Music Together's mission stems from a fundamental principle that all children are musical.
Our belief is music is a basic skill of life like walking and talking, and that all children can learn to sing in tune, keep a beat, and participate with confidence and pleasure. Classes emphasize actual musical experiences instead of concepts about music, and introduce children to the pleasures of making music rather than passively listening to it from tapes, CDs, or television.
Just as children learn to talk by having adults that love them talk to them, they also learn to sing and make music from their parents and caregivers sharing with them. This is why adult participation is integral to Music Together. Setting an example as an enthusiastic participator in music activities is the best thing any parent or caregiver can do to help set a child on the road to a lifelong love of music.
Early childhood educators recommend mixed-age groupings for social development as well, and the mixture of adults and children creates a family-style gathering where music making is shared through participation rather than performance. The older children enjoy and benefit from being leaders and interacting with the younger children. And, in the case of siblings, music becomes an activity they can share together at home even when there is a big age difference. This environment facilitates children learning through play and immersion, and parents learn to recognize different stages of musical development and to foster their children's growth. There are nine different song collections, which means a family could take classes for three years without repeating a collection.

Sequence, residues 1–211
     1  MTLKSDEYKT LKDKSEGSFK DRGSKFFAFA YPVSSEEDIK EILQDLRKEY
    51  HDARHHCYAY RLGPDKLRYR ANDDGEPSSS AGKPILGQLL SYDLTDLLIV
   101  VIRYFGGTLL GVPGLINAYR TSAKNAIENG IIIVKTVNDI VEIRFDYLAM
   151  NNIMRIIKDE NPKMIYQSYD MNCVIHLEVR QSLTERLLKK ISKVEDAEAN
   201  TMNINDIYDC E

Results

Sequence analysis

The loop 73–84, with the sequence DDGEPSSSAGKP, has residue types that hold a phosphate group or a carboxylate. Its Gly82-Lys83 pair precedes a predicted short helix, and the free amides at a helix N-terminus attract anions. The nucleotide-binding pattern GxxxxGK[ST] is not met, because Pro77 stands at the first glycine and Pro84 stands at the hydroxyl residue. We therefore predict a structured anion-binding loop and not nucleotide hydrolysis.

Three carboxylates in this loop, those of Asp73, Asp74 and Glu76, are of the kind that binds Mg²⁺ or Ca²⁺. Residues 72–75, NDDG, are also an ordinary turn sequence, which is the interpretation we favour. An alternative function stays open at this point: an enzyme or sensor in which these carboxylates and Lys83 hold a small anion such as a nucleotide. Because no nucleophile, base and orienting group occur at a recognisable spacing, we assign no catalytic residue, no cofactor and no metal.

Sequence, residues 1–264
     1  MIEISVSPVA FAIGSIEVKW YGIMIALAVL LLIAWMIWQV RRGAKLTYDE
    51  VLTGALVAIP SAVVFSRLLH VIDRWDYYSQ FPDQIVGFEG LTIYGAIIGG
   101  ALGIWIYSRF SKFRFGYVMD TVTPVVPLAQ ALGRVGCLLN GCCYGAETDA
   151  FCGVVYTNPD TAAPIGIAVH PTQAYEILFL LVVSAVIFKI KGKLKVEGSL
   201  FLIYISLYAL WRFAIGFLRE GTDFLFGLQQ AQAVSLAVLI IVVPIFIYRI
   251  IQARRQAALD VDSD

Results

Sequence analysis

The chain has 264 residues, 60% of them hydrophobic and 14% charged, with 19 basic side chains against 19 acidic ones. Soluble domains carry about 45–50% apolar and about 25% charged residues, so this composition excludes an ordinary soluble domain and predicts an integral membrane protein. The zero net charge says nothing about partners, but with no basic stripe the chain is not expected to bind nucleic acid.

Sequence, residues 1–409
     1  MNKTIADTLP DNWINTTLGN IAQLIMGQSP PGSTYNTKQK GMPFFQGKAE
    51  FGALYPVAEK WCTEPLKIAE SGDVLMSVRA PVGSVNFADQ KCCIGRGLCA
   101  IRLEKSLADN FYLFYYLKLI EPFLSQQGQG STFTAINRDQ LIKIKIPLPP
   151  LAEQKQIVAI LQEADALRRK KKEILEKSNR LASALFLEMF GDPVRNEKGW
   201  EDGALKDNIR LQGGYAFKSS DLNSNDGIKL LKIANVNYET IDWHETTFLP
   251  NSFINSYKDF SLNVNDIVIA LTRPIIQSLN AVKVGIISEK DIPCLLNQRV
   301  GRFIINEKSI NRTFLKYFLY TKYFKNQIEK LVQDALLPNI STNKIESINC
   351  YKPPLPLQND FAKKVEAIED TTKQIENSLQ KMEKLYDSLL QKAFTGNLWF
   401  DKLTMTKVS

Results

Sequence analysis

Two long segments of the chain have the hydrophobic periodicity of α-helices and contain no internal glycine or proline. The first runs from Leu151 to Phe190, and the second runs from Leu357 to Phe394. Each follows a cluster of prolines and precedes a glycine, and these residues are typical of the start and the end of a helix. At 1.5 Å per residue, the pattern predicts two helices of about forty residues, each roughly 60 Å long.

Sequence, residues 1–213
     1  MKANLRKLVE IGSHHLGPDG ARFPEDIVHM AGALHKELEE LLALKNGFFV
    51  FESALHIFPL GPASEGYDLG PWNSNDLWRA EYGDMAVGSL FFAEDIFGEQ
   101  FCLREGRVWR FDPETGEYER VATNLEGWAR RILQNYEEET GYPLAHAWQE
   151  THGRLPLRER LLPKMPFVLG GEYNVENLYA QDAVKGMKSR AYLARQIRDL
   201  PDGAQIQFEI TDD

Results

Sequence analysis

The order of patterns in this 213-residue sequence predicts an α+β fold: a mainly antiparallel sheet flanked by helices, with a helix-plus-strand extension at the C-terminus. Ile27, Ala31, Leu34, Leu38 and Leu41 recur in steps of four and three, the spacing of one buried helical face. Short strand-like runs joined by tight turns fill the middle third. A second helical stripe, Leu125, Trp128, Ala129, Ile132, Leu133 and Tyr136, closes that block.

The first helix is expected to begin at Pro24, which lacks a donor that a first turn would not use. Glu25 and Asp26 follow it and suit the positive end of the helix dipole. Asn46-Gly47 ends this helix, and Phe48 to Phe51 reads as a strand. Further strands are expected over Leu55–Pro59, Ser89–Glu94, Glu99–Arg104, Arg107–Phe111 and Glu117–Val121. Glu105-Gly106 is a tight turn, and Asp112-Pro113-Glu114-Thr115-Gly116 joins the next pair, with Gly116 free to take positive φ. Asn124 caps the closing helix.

Music Together was founded in 1987 by Kenneth K. Guilmartin in Princeton, New Jersey. In the 1980s, Ken was a working theatre composer and music educator who was drawn to the field of early childhood music education while working as an associate editor for his uncle's music publishing business, Birch Tree Group.
During this time, Ken observed that children's music experiences were usually limited to passive music listening; these children were growing up with little or no opportunity for live and playful music making. This leads to delays in the development of their basic music skills, arriving at elementary school unable to sing in tune or move in a rhythmically accurate way.
Searching for a way to counteract this trend, Ken had the insight to apply what he learned from early childhood education experts to music education for the very young. In 1985, he founded the Center for Music and Young Children (CMYC) to conduct the early childhood music development research which later spawned the Music Together program.While attending a 1986 Edwin Gordon seminar on music learning in children, Ken met Lili Levinowitz, Ph.D., then-director of the Children's Music Development Program at Temple University and an experienced researcher. Lili was a like-minded advocate for non-formal music experiences for young children and soon the two began to develop the unique, musically-rich curriculum that would become known as Music Together.
Music Together teachers now serve communities in the United States and 40 other countries around the world. Visit www.musictogether.com for more information.